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Best of British film honoured in Edinburgh

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The London-based writer-director Joanna Coates and her husband, co-writer and producer Daniel Metz have won the £20,000 Michael Powell Award for the Best British Feature FIlm at the Edinburgh International Film Festival, for a film that was so low budget, Metz says it cost less than the prize money to make.

Hide and Seek director Joanna Coates with her Michael Powell Award for the Best British Feature Film at the Edinburgh International Film Festival

Hide and Seek, about four lonely city folk who move to the country in an attempt to find love and create their own utopia, through such activities as partner-swapping, was “very innovative” according to the jury, headed by the Israeli director Amos Gitai.

“There aren’t that many films at the moment which are allowed to breathe and look at both form and content in terms of how young people are feeling,” explains Coates, as she describes her motivation for writing the film, which received its world premiere at the festival. “We wanted it to feel free and open and present a paradigm that people could aspire to.” She is hoping the recognition from the festival will help her make a “bigger, better and bolder” follow-up feature off the ground, but she also wants other film makers to take something away from her success. “I hope it makes other people feel it’s possible to loosen up, engage with things and try to use cinema as an expression of how they feel and how they think other people feel.”

Gitai’s jury also gave the prize for the best performance in a British film to Eddie Marsan for Uberto Pasolini’s Still Life, in which he plays a council worker who tries to trace the relatives of people who are found dead and alone. The jury also gave a special mention to actress Zoe Telford for her performance in Greyhawk.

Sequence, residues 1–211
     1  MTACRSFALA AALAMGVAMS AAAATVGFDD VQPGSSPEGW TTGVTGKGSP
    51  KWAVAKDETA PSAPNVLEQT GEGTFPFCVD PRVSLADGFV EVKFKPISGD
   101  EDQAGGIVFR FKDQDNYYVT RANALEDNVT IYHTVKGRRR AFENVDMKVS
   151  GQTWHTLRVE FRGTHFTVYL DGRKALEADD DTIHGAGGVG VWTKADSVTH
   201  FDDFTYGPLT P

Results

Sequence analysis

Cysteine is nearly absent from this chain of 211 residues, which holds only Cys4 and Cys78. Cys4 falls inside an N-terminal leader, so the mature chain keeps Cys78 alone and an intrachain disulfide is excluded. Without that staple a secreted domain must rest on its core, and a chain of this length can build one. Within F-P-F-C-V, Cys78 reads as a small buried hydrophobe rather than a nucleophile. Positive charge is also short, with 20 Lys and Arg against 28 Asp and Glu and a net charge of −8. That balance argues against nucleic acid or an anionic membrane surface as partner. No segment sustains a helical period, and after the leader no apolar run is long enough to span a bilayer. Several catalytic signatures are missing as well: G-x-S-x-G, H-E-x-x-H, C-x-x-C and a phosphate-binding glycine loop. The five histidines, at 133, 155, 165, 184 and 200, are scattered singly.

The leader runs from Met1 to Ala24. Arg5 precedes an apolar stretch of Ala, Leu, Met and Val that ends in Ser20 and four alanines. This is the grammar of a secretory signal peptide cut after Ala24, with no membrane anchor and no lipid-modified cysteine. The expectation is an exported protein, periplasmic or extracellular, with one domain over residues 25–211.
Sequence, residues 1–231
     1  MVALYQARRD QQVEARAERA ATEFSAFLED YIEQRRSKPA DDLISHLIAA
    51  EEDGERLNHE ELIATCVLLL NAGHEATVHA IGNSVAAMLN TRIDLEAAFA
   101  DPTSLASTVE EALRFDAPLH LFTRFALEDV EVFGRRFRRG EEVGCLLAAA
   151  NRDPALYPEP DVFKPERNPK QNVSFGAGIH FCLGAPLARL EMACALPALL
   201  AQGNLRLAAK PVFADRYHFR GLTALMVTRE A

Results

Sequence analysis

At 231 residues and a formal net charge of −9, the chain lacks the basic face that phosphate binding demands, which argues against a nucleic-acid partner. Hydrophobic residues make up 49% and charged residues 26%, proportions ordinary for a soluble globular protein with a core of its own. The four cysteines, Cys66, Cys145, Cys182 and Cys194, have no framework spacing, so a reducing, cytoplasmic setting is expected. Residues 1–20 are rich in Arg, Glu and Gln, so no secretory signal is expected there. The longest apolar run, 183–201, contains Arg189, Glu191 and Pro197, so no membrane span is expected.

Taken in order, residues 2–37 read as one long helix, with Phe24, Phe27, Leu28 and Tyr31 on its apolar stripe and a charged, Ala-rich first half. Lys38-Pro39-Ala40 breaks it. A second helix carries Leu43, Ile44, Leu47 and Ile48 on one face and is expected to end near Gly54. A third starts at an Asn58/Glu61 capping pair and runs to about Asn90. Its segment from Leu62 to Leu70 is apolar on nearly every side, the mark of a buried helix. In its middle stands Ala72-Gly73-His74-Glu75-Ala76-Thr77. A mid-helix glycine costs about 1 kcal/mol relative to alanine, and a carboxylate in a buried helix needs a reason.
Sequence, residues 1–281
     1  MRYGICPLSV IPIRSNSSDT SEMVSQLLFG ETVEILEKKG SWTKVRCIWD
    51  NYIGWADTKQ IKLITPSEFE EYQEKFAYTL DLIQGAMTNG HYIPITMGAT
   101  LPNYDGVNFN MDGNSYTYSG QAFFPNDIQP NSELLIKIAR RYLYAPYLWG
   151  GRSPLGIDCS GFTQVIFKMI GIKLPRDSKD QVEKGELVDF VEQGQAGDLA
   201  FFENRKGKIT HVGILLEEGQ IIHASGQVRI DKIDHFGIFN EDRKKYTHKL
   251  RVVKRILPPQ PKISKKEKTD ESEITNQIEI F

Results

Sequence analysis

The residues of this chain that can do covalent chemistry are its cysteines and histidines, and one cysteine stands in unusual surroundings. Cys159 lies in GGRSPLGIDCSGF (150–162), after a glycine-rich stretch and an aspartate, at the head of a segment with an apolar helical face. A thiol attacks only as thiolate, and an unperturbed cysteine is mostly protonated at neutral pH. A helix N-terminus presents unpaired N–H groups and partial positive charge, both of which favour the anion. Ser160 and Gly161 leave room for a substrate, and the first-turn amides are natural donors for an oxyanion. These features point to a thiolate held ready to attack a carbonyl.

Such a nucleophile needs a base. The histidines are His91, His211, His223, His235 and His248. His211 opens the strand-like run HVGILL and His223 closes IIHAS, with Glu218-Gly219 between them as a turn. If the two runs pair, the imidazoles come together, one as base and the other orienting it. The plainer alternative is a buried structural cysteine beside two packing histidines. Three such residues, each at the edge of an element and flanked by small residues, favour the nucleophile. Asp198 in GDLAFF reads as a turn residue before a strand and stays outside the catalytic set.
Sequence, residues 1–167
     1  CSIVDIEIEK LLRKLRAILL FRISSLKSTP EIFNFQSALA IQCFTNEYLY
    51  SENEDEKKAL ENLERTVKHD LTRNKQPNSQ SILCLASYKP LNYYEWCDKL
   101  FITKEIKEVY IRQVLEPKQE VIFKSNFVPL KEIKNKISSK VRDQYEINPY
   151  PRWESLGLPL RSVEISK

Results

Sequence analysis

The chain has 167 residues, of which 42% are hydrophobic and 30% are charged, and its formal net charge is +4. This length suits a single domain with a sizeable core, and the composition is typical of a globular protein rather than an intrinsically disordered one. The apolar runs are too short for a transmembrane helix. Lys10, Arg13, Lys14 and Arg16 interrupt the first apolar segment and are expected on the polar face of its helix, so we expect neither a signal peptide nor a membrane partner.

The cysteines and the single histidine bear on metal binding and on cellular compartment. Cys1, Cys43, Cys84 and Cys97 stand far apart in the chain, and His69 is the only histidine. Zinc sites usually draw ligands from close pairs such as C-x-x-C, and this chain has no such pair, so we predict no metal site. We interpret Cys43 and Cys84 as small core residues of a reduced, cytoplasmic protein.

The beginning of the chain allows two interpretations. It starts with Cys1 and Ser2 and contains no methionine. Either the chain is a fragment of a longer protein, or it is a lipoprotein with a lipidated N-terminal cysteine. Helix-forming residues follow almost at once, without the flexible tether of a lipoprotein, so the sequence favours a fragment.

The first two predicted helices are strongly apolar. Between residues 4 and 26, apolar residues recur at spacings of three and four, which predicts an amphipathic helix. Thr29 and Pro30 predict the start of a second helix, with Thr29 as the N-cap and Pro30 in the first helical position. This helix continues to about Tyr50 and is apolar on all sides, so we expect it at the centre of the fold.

The award for the Best International Film in competition was presented to the Taiwanese and Burmese co-production, Ice Poison, which the International Competition Jury described as “a meticulously observed and perfectly crafted look at despair” in rural Myanmar.

Other recipients of small pewter pots at the ceremony at Edinburgh’s Filmhouse cinema included My Name is Salt, a documentary about salt harvesting in the Indian state of Gujarat. The documentary award was sponsored by the Al Jazeera news network, whose spokesman said the event came at a particularly poignant time, in the same week that three of the channel’s journalists, including the Australian Peter Greste, were jailed in Egypt for what he called ridiculous charges.

Pewter pots lined up to be handed to the winning film-makers

There were three honours for short films, handed out by Virgin Atlantic. The Bigger Picture, by Daisy Jacobs, was recognised for its “creative innovation,” the “outstanding individual contribution” oddly went to two people, Will Anderson and Ainslie Henderson, for their animation Monkey Love Experiments, and the overall best short prize went to Slap, a collaborative project which the jury said left it feeling very excited for these future film-makers.

The British Council backed McLaren Award for the Best New British Animation went to My Stuffed Granny, while the Student Critics Jury gave their top prize to Stations of the Cross.

In a year in which most of the prizes went to women, the perhaps redundant awards to recognise women in film honoured Finsterworld and Manakamana in the narrative category and heaped more praise on Farida Pacha’s My Name is Salt.

The unusually low-key awards ceremony, with the vast majority of winners “unable to collect their prize in person,” marks the beginning of the end of the 68th Edinburgh International Film Festival, which will close with Big Bang Theory’s Simon Helberg’s disappointing romantic comedy We’ll Never Have Paris on Sunday, along with the announcement of the festival’s audience award.

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